After considering a tariff application increase for an effective bulk tariff, inclusive of generation and transmission, increase of 5.8% from the Namibia Power Corporation (NamPower), the Electricity Control Board yesterday announced an increase of 2.92% for the 2021/2022 financial year. This means that in the midst of the pandemic and in lieu of depressed economic activity, consumers will now pay up to N$1.6982 per kilo watt-hour, which was increased from N$ 1.6500 per kilo watt-hour effective from 1 July 2021.
The new tariff will be applicable to NamPower’s bulk customers, including distribution utilities, local authorities, regional councils and mines. Regional electricity distributors will now all have to apply to the ECB individually for a review of their distribution tariffs. Only when these individual applications are approved by ECB will they be applicable to end consumers.
“The Electricity Control Board is cognisant of the fact that the economy is affected by the Covid-19 pandemic but is equally dependent on reliable and affordable electricity supply. It is, therefore, the responsibility of the regulator to ensure a sustainable electricity industry at affordable tariffs,” said ECB CEO Foibe Namene.
The approved increase follows a two-year period of no bulk tariff increases. The approved tariff is applicable to NamPower bulk customers such as Regional Electricity Distributors (REDs), local authorities, regional councils and mines,” said ECB CEO Foibe Namene at the tariff increase confirmation yesterday.
ECB’s board of directors met on 8 April 2021 to deliberate on the review of NamPower’s bulk tariff application. Namene explained that annual electricity tariff reviews are conducted to ensure utilities charge appropriate tariffs to collect enough revenue to enable reliable and efficient operations at affordable rates.
She noted that in reviewing the tariff, the ECB considered several factors, including the impact of the tariffs on the Electricity Supply Industry, consumers and the economy at large.
Said Namene: “As part of the tariff review process and considering government directives on public gatherings on account of the Covid-19 pandemic, the ECB requested stakeholders to present their written views, facts and evidence on the tariff application electronically via e-mail. Comments submitted by stakeholders were considered in the review process, leading to the tariff approval”.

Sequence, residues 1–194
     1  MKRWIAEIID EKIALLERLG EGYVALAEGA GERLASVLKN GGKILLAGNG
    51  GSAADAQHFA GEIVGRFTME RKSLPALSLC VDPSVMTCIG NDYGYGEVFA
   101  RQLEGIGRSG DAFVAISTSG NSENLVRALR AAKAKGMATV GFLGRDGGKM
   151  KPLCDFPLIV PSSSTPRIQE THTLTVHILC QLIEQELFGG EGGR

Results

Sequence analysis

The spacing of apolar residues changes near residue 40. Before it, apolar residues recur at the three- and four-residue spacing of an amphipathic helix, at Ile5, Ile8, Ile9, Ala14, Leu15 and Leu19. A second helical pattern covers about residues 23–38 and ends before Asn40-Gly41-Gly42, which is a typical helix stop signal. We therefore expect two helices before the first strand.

Namene continued that over the years, Namibia’s electricity tariff included an amount for Long Run Marginal Cost.
“The Long Run Marginal Cost is intended to ensure a smooth tariff path for the future, especially when NamPower is experiencing cash flow challenges due to expensive power supply options or building new power plants.
“This means that the Long Run Marginal Cost funds may be used to cushion customers from unexpected tariff hikes or in situations where the economy is depressed and or to build new power plants that will ensure an affordable projected tariff path. No Long Run Marginal Cost is included in the approved tariff,” Namene noted.
She emphasised the ECB is cognisant of the struggling economy that has not yet recovered.
“To mitigate the impact of the tariff increase on consumers and the economy for the period 2021/2022, an amount of N$35 million is allowed to be used for variable operation cost of the thermal plants by NamPower from the Long Run Marginal Cost,” Namene clarified.
The ECB CEO added that N$500 million has been allocated from the available N$576 million Long Run Marginal Cost fund to partially fund the construction of NamPower’s renewable energy plants.
Some N$342 million is allocated to the 20 MW Solar PV plant currently under construction at Omburu, while the remaining amount of N$158 million will be used for part funding of the 50MW NamPower-owned wind plant to soon be procured.
“In accordance with the tariff methodology, NamPower will not be allowed return and depreciation on the assets created using the N$500 million – and this will result in a total net saving to the customers of approximately N$1 billion over a period of 30 years, and making electricity affordable to end users,” said Namene.
She concluded that future tariffs are expected to be increased in line with inflation and to cater for new generation as per the National Integrated Resource Plan. External factors such as the weather, foreign exchange fluctuations and other unforeseen circumstances will also be taken into account.